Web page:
How many times have you been asked this question?
I know that I have been asked it countless times. As a librarian, I get an especially interesting reaction; the conversation tends to go like this:
Curious person: "So, what do you do?"
Me: "I'm a librarian."
Curious person: "A librarian? That's...[insert any variation of the following: boring! cute! strange! adorable!]"
Conversation continues...typically with the words "card catalog", "shelving books", "reading all day", sprinkled throughout. Then when they find how that I have a Masters (and yes, you must have a Masters to be a librarian), I get the whole "You need a Masters for THAT?" routine.
Fellow librarians and family/friends/empathizers of librarians know that we DO NOT sit around all day reading books and talking about our cats (I'm more of a dog person anyway). If they only knew what we do and what we create, their responses to US and to PUBLIC LIBRARIES in general would probably be more positive. (*steps off soap box*)
That brings me to this article: How to Tell People What You Do and Be Remembered. I subscribe to The Muse for daily career, business, job seeker advice (and you should too!) This article gives a template for the next time that you get asked the ever-popular question, "So, what do you do?" Except instead of giving a boring answer ("librarian", "attorney", "management consultant"), you capture their imagination and emotion with the parts of your job that make it worth working for.
From the article:
"Use this fill-in-the-blank template to write a new “So, what do you do?” introduction for yourself. And this time, with feeling!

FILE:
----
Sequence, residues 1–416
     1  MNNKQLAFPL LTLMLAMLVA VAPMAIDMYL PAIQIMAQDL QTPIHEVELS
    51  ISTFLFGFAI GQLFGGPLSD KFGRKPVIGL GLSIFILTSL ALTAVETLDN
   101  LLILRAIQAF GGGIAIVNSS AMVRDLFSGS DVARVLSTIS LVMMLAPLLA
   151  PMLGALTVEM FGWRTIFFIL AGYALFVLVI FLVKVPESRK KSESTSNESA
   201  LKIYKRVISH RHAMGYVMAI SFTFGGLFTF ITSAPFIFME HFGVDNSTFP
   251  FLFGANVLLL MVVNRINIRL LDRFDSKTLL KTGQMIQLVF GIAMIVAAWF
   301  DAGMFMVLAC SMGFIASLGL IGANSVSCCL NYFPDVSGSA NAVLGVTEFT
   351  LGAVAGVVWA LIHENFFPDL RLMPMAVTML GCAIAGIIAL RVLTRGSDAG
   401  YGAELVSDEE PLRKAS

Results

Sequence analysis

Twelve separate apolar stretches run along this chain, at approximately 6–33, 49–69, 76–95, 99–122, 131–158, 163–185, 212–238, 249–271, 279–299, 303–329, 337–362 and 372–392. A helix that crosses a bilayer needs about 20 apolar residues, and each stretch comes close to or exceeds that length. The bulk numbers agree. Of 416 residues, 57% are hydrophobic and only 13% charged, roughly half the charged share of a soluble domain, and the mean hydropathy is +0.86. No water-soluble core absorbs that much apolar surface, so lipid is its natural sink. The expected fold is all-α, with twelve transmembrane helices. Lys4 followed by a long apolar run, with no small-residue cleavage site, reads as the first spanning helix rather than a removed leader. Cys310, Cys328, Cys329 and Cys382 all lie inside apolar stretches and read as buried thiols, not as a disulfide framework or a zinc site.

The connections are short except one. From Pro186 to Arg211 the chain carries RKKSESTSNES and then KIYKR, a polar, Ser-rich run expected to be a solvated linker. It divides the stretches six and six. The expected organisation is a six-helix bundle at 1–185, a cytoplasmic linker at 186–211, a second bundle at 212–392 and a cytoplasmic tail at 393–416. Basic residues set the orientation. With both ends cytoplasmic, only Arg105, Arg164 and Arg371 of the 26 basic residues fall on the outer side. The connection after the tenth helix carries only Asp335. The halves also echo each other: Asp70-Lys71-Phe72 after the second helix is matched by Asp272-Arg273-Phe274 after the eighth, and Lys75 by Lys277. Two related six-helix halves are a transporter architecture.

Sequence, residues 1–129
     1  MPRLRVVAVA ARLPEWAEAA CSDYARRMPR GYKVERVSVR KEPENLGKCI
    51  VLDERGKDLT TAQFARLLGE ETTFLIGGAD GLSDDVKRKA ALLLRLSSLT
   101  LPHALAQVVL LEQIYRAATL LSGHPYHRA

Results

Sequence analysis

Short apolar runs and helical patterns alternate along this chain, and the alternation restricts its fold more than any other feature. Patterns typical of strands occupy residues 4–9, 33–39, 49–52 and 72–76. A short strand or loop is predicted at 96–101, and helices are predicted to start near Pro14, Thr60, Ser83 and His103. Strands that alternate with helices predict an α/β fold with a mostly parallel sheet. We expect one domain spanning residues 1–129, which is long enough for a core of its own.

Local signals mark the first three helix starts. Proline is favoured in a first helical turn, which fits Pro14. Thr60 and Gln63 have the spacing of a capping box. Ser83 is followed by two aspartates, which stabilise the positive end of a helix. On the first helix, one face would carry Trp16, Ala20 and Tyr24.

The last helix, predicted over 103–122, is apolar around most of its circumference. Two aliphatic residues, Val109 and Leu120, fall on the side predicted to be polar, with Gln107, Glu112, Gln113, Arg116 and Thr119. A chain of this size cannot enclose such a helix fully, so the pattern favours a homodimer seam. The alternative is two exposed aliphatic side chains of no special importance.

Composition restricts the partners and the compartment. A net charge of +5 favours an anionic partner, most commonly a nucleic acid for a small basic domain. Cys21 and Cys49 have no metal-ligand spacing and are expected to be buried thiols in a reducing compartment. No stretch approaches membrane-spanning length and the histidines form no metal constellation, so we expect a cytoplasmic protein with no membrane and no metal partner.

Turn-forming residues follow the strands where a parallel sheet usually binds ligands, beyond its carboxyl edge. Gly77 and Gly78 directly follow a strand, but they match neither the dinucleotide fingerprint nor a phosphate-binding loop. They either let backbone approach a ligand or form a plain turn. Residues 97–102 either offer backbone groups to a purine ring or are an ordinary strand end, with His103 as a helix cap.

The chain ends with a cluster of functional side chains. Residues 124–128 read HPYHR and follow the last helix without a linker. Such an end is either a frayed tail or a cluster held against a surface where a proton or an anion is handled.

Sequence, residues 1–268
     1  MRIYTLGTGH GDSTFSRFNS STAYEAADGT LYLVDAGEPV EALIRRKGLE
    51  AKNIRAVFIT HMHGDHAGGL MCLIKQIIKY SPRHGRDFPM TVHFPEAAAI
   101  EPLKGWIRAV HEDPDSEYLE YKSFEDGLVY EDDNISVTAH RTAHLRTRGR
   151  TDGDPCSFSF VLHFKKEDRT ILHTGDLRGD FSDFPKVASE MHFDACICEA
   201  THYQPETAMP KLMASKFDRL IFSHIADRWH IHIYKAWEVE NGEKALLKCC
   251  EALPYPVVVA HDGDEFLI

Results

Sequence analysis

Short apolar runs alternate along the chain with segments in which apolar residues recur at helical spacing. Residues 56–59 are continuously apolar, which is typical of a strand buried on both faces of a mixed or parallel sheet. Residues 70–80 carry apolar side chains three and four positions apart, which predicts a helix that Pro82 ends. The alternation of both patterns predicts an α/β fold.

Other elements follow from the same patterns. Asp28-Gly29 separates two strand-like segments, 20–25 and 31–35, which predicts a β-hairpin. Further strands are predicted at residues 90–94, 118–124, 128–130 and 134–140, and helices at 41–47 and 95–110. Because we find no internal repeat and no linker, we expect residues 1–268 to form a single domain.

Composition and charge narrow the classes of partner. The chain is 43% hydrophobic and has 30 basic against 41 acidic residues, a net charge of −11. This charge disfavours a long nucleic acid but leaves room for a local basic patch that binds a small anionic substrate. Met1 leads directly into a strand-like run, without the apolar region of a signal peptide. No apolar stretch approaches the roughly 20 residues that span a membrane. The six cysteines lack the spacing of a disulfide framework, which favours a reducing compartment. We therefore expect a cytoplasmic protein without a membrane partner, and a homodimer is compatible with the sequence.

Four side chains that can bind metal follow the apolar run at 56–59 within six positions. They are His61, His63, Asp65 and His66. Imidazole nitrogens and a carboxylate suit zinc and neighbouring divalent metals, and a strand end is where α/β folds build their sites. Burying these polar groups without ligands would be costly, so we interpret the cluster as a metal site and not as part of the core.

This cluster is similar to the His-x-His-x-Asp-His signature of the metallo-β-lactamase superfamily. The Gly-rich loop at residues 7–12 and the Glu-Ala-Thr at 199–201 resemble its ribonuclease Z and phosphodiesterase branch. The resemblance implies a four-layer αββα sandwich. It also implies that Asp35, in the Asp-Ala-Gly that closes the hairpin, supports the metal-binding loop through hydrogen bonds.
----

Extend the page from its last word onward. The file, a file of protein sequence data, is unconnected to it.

I’m a [insert your job title].
Officially, my job is to [insert your clear-cut job description, e.g., seek out publicity opportunities for my company / write grant proposals / coordinate our annual healthcare conference for 5,000 people].
But really? I [insert your emotional job description, e.g., make A-list celebrities fall in love with our mission / help create miracles for underprivileged kids who still believe in magic / create the party of the year, where hardworking nurses get to kick up their heels and go buck-wild!].
To sum it all up: The key to writing a job description that people will actually read, listen to, and remember is using phrases like:
“Which really means…”
“Basically? It’s all about…”
“Which is a fancy way of saying…”
to get straight to the emotional core of what you do, and why.
The people you’re connecting with will probably bounce back with a few questions. They may need a bit of clarification. They might request a simple run-down of your skills and credentials.
But one thing’s for sure: You’ll spark a new feeling. And you won’t be forgotten."
Don't you love it?! It turns even the dullest job positions (think: "I'm a corporate research analyst") to "I'm superwoman extraordinare." So, I'm going to get cracking on what my librarian elevator speech is so I can avoid as many future "cat-loving, glasses wearing, book shelving" conversations as possible.
And in the meantime, what do you do?